Past, present, future


What do AHRI’s latest life members think about the state of the profession?

John Macy is the founder of competitive edge technology and a pioneer in HR technology and cloud technology

Tell us about your first job in HR.

Straight out of high school in January 1964, I was ready to start a career but had no idea what I wanted to do. Rather than go to university, I decided to take a job with a government department, which provided employment security. I joined the Department of Main Roads (now Roads and Maritime Services) and was assigned to the staff department as a junior clerk.

What was your most important career decision?

The decision to leave Qantas after almost 25 years. We’d gone through massive changes following the privatisation and merger with Australian Airlines, and I had finished implementing our global HR Information System. The time was right for a career change and to use my experience in an HRIS consulting role.

What’s the biggest change you have seen in the HR environment?

The impact of technology brought about the biggest changes. Starting in HR in an era of record cards and personal files, before serious computing began, has allowed me to experience all the technology changes.

The centralised mainframe computer era was a massive change to the way HR carried out traditional processes but the arrival of desktop computing with spreadsheets and Word documents transformed HR. I think all the other gradual technology improvements, including internet, email, social media and so on, have helped improve the services and advice HR is able to offer. Now with mobile access, improved networks and Cloud computing, we are entering another stage.

Corporate sustainability has been a major research interest of yours. Why?

Organisations exist to provide goods and services to society. As Gandhi said: “There is enough of everything in this world to provide for all our needs but not enough to provide for all our greeds.” Today we face the most critical challenges civilisation has faced with issues such as climate change and population growth. We must create organisations that contribute to a sustainable world rather than exploiting natural and human resources in a way that undermines the wellbeing of future generations.

What makes organisational change so difficult?

The rate of environmental change is speeding up as technological innovation proceeds at an ever-quickening rate. Those organisations that survive and thrive build in the capacity to adapt to rapid change. This involves creating transformational leaders who understand the environment in which they are working and have the ability to reinvent themselves and the organisation. Unfortunately, in many organisations those who hold senior positions are the most resistant to change. The most critical factor is to develop an executive team that models the kinds of constructive behaviours that encourage upward communication and innovation.

You are a published poet – how does poetry mix with the world of academia,research and consultancy?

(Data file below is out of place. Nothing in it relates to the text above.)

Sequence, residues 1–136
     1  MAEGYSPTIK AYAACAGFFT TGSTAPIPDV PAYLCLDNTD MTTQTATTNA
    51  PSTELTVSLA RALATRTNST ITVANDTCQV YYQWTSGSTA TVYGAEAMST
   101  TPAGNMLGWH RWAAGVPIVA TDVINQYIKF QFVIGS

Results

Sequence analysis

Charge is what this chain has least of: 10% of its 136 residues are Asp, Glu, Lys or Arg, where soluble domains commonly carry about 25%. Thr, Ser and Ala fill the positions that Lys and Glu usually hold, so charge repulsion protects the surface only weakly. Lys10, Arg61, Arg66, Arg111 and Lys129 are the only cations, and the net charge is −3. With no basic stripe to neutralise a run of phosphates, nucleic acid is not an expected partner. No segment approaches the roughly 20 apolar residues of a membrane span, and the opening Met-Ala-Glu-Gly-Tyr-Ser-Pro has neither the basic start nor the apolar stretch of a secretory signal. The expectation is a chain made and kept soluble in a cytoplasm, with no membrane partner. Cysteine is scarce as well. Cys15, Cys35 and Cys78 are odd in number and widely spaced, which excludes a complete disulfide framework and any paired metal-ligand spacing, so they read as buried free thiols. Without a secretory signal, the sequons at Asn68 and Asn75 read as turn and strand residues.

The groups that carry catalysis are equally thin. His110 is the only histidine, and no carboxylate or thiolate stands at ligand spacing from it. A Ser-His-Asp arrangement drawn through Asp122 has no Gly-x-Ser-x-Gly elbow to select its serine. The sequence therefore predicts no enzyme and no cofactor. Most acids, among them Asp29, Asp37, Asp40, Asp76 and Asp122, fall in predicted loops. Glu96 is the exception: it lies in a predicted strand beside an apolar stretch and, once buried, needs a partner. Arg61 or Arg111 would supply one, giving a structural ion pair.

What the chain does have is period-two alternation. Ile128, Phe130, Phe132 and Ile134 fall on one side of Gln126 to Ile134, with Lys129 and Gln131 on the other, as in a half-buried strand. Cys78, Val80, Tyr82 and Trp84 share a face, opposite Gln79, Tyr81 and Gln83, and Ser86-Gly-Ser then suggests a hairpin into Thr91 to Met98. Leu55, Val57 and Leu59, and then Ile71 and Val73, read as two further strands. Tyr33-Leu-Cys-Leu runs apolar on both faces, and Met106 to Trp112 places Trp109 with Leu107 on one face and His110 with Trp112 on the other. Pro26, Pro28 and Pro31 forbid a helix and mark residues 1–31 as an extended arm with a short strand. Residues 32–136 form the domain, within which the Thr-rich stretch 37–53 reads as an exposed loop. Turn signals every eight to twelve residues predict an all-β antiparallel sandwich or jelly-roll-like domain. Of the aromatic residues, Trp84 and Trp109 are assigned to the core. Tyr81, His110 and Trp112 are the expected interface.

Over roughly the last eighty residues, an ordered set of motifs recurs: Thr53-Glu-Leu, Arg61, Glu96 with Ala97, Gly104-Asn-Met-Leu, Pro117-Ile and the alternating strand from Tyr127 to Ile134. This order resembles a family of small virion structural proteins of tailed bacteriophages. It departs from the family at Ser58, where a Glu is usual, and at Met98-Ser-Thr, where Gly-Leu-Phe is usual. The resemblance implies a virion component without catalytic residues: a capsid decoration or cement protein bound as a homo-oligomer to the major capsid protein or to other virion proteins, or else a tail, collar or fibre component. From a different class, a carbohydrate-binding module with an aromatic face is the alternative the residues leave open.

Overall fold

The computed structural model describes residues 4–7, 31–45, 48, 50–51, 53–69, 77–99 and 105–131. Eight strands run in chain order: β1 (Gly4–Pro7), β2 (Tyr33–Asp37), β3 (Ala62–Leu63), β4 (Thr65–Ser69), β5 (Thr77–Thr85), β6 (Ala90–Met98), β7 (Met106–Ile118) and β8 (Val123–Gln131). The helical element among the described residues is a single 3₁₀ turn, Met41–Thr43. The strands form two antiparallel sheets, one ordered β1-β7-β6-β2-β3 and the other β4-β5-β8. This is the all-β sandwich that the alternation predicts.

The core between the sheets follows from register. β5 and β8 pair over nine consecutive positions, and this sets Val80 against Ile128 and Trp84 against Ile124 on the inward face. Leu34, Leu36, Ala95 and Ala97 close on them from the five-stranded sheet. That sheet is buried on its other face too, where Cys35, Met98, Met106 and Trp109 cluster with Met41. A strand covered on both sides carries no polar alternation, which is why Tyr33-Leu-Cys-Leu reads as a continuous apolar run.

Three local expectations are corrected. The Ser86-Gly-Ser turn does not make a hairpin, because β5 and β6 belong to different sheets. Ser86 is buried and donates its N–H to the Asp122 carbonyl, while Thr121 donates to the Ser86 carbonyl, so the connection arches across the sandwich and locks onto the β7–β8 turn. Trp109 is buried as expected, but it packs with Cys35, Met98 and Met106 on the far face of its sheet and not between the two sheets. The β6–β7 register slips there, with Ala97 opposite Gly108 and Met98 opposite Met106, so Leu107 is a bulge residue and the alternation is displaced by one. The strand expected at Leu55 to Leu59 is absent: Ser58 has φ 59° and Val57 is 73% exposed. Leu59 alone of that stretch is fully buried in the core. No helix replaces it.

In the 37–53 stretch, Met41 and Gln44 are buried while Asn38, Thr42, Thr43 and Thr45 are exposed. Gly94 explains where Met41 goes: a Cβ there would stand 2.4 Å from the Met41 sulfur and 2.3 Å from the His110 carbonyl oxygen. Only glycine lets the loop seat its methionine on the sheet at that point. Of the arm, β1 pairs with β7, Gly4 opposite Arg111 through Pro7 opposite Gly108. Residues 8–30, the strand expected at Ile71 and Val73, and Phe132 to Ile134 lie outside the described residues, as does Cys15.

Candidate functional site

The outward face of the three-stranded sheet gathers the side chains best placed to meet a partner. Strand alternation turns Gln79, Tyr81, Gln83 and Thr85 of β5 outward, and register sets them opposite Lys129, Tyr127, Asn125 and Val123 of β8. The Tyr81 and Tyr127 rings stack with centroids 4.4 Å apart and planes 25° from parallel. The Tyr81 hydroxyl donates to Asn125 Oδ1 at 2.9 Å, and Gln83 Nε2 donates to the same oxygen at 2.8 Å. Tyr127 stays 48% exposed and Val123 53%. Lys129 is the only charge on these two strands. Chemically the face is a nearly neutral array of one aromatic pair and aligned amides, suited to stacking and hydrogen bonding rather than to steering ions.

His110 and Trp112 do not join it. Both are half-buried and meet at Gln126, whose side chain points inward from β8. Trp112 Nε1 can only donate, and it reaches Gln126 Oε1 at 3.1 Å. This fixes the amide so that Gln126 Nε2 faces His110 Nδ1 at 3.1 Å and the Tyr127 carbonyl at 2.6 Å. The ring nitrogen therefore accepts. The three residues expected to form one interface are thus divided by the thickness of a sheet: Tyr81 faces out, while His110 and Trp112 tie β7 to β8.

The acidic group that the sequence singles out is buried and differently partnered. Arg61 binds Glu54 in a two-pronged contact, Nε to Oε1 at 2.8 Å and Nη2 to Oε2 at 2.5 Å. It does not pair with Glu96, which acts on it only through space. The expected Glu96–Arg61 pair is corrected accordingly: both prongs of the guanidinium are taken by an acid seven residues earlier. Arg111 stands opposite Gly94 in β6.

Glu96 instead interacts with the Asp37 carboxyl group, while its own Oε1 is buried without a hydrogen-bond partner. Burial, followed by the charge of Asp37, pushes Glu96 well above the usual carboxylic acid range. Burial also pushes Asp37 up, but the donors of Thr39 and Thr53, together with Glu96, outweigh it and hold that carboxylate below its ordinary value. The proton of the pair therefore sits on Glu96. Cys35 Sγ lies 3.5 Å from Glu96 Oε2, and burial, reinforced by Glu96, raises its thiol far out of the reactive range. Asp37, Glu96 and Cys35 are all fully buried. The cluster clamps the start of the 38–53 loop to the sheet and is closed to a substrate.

Creative endeavours such as writing poetry, painting or sculpting are ways we can celebrate the joy of being alive and wrest some meaning from our experience of being here. Writing poetry is a form of transformational experience by which we struggle to bring the soul’s deepest fears and desires to the centre of consciousness and expression. For me, writing poetry is a life-changing experience.

How did your early career shape your views on HR?

I was motivated to study organizational behaviour through reflecting on the people I saw working at IBM (my first job), and on my own feelings about work. I was fascinated by what made people do a really good job or simply coast along; what ininfluenced their decision to stay or leave an organisation; and what made them feel satisfied or dissatisified with their work. I left IBM to do a PhD finding answers to these three questions..

How can the HR profession support small business in people management?

HR is typically a large organization profession. HR is best placed to help people in small organisations who are part of the stakeholder network of the large organisation the HR professional works for. As part of the Total Quality Management (TQM) movement, some large organisations already extend training and learning opportunities to the smaller organisations that are part of their supply chain. Improvement of people management practices could be part of this drive to improve quality throughout the supply chain (and related value-adding services).

Why should HR practitioners concentrate on relationships outside their organisation?

In many industries, much of the value added is created by organisations and agencies that are not part of the core organisation, such as sub-contractors, consultants, service companies and government bodies. Improvement efforts must include all stakeholders, not just those who are on the permanent payroll. Also, I believe HR has much to offer sales and marketing, supply, and other organisational areas that manage performance-oriented relationships with people.

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Past, present, future